Our encounters with the occupying soldiers were infrequent and sometimes farcical. As Indians, we were relatively safe in occupied Kuwait. We were of no interest to Iraqi soldiers, unlike Westerners who made valuable hostages and, for obvious reasons, Kuwaitis, small bands of whom, Asrar among them, were organizing and mounting a sporadic, flickering resistance. The stories told about Iraqi soldiers among Indians were mostly of buffoonery, tales tinged with condescension for soldiers stealing computer monitors they thought were TVs, for soldiers who were not Iraqi at all but bewildered Bangladeshi gardeners or Filipino drivers forced into the army as casualties in the eight-year war with Iran mounted. It was only after we left Kuwait that I read about the rapes and torture that happened during the occupation.

In the opening pages of “The Satanic Verses,” as Gibreel Farishta and Saladin Chamcha plunge towards “Proper London, capital of Vilayet,” Salman Rushdie puts the words of a famous song into Gibreel’s mouth:

O, my shoes are Japanese

These trousers English, if you please

On my head, red Russian hat

My heart’s Indian for all that

For an Indian living in India, the song is about pride, jauntily nationalistic lyrics written for a newly created nation. In contemporary India, the song is relevant and resonant as a simultaneous embrace and rejection of globalization — some things, your heart and soul, are forever local. For the immigrant Indian, the song is a defiant but futile resistance. For the Gulf-based Indian, the song is matter of fact, an accurate expression of the expat life. Of course, your heart is Indian, whatever the imported fripperies of your new, materially comfortable life. What other choice is there?

But for the Indian expat’s child, the child put into a British or American school to suit their parents’ aspirational, upwardly mobile sense of themselves, the song seemed foolish, sentimental.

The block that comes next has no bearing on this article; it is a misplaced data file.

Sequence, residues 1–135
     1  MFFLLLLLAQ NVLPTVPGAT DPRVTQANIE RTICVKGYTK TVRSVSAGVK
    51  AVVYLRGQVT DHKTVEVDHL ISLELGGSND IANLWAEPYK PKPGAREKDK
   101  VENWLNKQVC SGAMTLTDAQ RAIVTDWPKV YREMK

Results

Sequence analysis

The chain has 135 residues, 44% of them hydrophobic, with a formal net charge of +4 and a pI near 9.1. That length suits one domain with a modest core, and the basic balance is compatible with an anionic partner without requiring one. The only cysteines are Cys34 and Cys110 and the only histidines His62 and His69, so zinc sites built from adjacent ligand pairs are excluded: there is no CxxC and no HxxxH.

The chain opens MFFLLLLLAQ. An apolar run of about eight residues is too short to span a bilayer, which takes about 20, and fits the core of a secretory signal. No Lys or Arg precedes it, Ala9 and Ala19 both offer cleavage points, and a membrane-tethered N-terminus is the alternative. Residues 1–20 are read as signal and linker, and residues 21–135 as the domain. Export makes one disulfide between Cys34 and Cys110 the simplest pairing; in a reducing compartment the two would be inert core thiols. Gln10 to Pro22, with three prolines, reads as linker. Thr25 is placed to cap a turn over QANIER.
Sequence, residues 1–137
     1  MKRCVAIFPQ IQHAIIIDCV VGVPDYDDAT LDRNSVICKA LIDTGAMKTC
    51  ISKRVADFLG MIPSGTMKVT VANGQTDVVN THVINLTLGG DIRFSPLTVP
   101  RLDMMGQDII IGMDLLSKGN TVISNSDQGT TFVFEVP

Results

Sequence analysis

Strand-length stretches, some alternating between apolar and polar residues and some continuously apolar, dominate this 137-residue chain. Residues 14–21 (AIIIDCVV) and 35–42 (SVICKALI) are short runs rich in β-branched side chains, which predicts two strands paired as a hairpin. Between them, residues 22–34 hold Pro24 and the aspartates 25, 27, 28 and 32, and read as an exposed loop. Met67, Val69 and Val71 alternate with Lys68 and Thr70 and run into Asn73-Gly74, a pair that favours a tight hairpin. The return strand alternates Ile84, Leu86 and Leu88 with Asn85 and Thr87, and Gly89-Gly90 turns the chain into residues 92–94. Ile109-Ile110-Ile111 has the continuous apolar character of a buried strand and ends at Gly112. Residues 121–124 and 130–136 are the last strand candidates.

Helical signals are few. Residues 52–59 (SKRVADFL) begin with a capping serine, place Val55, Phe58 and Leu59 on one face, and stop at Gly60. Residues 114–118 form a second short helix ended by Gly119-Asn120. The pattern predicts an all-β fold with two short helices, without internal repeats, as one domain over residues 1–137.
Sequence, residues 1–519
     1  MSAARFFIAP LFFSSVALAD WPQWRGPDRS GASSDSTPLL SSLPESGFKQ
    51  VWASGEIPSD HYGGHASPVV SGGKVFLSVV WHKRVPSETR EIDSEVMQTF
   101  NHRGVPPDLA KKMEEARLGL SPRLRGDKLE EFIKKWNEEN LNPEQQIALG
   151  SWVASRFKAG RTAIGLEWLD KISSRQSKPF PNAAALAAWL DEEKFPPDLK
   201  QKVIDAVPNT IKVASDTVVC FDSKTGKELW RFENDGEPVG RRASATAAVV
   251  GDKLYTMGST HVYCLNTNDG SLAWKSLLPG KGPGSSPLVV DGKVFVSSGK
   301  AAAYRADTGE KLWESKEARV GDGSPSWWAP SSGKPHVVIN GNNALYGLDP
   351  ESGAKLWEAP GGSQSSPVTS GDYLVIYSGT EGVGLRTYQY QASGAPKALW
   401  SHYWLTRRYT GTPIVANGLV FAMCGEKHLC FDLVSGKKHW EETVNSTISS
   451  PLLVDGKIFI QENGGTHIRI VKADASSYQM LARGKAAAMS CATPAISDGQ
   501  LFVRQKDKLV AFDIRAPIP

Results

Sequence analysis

How do you keep your heart free from the influence of your shoes, trousers and hat? What does it mean to have an Indian soul? For me, the idea of an authentic self was muddied, perplexing. If you come from somewhere, a particular place, and you live there all your life, an authentic self that grows organically from your sense of place is something you take for granted, so strong and defining a part of who you are that it’s hard to imagine what could diminish that land-based identity.

For us, those cosseted children of Utopia, of no place, what could fill the place-shaped hole in our identity? It’s not that the question of where you come from becomes hard to answer, it’s that it no longer has any meaning. This is distinct from the struggle of the immigrant’s child to negotiate between the place to which they now belong and their “place of origin” so inadequately represented by the short, rickety bridge of the hyphen — Vietnamese-American, say, or Afro-Caribbean British. Or from the immigrant’s division between the place remembered and the place in which you found yourself.

Part of my love for English football was for its unabashed tribalism. I remember being in my neighborhood bookshop and coming across a copy of E.P. Thompson’s canonical text “The Making of the English Working Class” and begging my bemused father to buy it. I was too young to make any sense of what I was reading but I was powerfully drawn to the idea that an entire class of people could be “made,” as if you could pull a community whole from a kiln, as if a shapeless, shifting mass of individuals could be given contours, shape and coherence.

We left Kuwait in the last week of September 1990.

My father and some of the other men staying with us had arranged for a bus and a driver to take us to the southern Iraqi city of Basra and then on to Baghdad. At dawn, we arrived in the Iraqi capital, where we stayed at a hotel for a week before we were able to board a flight to the Jordanian capital Amman.

Bengalis are, of course, India’s doughtiest tourists. For that week in Baghdad we reverted to type, eating fish and chips on the banks of the Tigris, riding the creaky rollercoaster at the empty but functioning amusement park and visiting the National Museum. Reality, the reality in which we were refugees fleeing from Kuwait, a country occupied by Iraq, the international pariah in which we were now vacationing, only occasionally intruded — in the form of empty supermarket shelves and a tour guide who begged us for our cartons of chocolate milk for her baby because the powdered variety was all that was available in Iraq.

In Amman, we slept at the airport for one night before we were able to board one of the many free flights Air India had organized to transport Indian refugees to Bombay and safety. Two months after Iraq invaded Kuwait, we were on a plane to India. I didn’t know then, still arguing with my friends about the relative merits of Liverpool and Manchester United, AC/DC and Iron Maiden, how lucky we were.